It looks like you're using an Ad Blocker.

Please white-list or disable in your ad-blocking tool.

Thank you.


Some features of ATS will be disabled while you continue to use an ad-blocker.


Tornado in England

page: 2
<< 1   >>

log in


posted on Jul, 31 2005 @ 04:03 PM

Originally posted by junglejake
Anyway, the cloud formation that looked like a whale's tail, on the north side, started to spiral. My eyes were glued, it was one of the coolest things I've ever seen. It started spinning faster and faster and began to form a cone coming from the now circular cloud formation. Unfortunately (though fortunately for anyone who would have been in the path) it dissipated.
That's funnel cloud.
That site has very nice collection of different phenomons.

And looks like it was tornado which caused at least some damage of Birmingham.

Also there's nothing strange with tornadoes in these places, tornodos can happen anywhere where there's possibility of thunderstorms.
And they're nothing new.
Biggest tornado outbreak of Finland was in 1932 and it moved railroad cars, widest paths were 500 m wide, longest continuous track 39km and some of of those were propably F3s...
And remember Finland is as north as Alaska!

So only thing which varies is just how propable strong enough thunderstorms/how strong tornados are created and how often/propable right conditions are.
Thing what makes central US as such "tornado alley" is strong differing air masses colliding over it which make it very fertile ground for strong thunderstorms and especially supercells.

And this is where climate change might come to play, remember that global warming doesn't increase temperature evenly but changes current weather patterns, causes extremeties to become more stronger so it could well mean more widespread tornado outbreaks in areas where they're currently rare.

posted on Aug, 1 2005 @ 01:36 AM
I live in south-west england, I know sometimes there tornadoes in the bristol channel.

My fiancé lives in iowa, first time the tornado siren went of went down to the basement , *getting a little scared*... then the guy on the radio said its near a town that was near us, *getting more scared*, then I see a tree literally flying like a bullet smack into someones house. *crapping my pants*. Il have to get used to them when I start living in the mid-west, but hopefully they'll stay out of England for now
, most of us dont have basements......


posted on Aug, 1 2005 @ 07:54 AM
According to the news this is actually not that unusual.

They say that around 130 reports of this type of weather are made in the UK every year.

The unusual part is that they do not usually hit urban areas.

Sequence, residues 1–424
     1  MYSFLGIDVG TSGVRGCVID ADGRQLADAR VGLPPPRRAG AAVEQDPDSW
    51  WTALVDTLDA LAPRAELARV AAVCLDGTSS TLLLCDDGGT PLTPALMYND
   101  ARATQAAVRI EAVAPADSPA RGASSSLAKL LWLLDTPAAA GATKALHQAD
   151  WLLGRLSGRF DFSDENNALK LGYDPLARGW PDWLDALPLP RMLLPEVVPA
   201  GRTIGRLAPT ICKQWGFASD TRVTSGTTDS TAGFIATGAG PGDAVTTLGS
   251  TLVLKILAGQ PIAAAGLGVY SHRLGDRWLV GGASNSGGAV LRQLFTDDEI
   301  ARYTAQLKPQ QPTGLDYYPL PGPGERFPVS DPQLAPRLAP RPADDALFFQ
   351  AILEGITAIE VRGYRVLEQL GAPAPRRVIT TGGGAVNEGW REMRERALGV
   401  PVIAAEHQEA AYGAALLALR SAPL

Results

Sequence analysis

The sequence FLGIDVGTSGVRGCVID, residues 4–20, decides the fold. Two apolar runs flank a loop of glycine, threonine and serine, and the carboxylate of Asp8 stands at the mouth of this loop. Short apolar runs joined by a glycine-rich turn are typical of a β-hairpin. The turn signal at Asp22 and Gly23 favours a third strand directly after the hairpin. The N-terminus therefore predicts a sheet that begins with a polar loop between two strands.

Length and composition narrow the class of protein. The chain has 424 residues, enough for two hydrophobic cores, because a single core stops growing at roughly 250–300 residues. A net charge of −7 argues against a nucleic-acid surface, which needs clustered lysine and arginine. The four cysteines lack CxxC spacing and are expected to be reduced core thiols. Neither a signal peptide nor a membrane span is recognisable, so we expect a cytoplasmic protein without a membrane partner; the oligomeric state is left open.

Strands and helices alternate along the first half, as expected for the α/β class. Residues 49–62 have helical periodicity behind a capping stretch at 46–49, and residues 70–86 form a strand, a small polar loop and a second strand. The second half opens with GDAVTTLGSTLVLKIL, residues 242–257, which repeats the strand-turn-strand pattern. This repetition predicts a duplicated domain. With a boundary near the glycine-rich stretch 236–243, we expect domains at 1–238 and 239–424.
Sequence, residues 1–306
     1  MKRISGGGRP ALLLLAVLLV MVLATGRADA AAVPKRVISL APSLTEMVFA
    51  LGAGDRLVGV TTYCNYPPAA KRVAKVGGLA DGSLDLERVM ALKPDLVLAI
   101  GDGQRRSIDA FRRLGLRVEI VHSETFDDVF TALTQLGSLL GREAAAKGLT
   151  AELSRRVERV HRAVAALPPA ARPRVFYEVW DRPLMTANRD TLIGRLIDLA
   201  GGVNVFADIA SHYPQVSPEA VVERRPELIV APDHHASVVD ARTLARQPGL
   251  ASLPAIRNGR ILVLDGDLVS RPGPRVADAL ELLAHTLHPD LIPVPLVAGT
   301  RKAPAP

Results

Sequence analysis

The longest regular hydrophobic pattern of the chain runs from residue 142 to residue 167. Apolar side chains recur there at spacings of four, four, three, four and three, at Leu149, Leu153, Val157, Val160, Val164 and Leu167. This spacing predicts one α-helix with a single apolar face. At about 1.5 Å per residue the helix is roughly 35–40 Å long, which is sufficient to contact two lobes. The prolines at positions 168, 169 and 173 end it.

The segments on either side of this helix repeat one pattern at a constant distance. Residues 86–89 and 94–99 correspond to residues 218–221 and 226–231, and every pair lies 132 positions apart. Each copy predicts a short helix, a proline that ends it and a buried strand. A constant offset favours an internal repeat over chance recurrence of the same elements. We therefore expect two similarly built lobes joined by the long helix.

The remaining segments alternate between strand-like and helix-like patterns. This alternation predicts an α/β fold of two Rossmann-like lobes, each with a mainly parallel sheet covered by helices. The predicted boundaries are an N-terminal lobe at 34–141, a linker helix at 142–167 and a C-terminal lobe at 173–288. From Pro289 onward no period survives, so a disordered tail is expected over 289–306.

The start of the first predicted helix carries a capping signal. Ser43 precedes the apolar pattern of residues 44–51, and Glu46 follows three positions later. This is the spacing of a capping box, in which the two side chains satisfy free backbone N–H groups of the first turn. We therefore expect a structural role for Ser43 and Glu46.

Still, we are having a bad summer this year, so little sun.

posted on Aug, 1 2005 @ 07:20 PM
One thing I noticed from this news story, which I think Is worth watching was the frequency of Tornados that day in the UK. Now I know that the conditions to trigger one therefore can and is the ideal time to create more, but is this widespread pattern normal in the UK?

29th July 2005
Birmingham Tornado link


A tornado has swept through a Lincolnshire village, tearing off part of the church roof.

Lincolnshire Tornado

Thats strange if you ask me however then:

A clear-up operation was beginning on Friday morning after a tornado caused damage in parts of Peterborough.

Peterborough Tornado

Now In the original piece on the BBC website

"We have an average of 33 reports of tornadoes in the UK each year but these are especially rare in built-up areas and there has not been one of this strength in many years," said a Met Office spokesperson.

Soo from the horses mouth 33 a year but 3 happened in one day!

However if you look at A map of the UK there is a vaguely straight line between the events from one part of the country to the other.

Now im not saying what caused this but hey the UK could have its own 'Tornado Alley'....but seriously I wonder if this pattern is normal in the UK.


[edit on 1-8-2005 by MischeviousElf]


posted on Aug, 2 2005 @ 03:21 AM

Originally posted by MischeviousElf
However if you look at A map of the UK there is a vaguely straight line between the events from one part of the country to the other.
Collision line of air masses...
Also there can be long parallel series of thunderstorms when right kind air mass moves over area.
But thunderstorm line is more typical for colliding air masses, also if those happened pretty much same time it means collision of air masses.

new topics

top topics
<< 1   >>

log in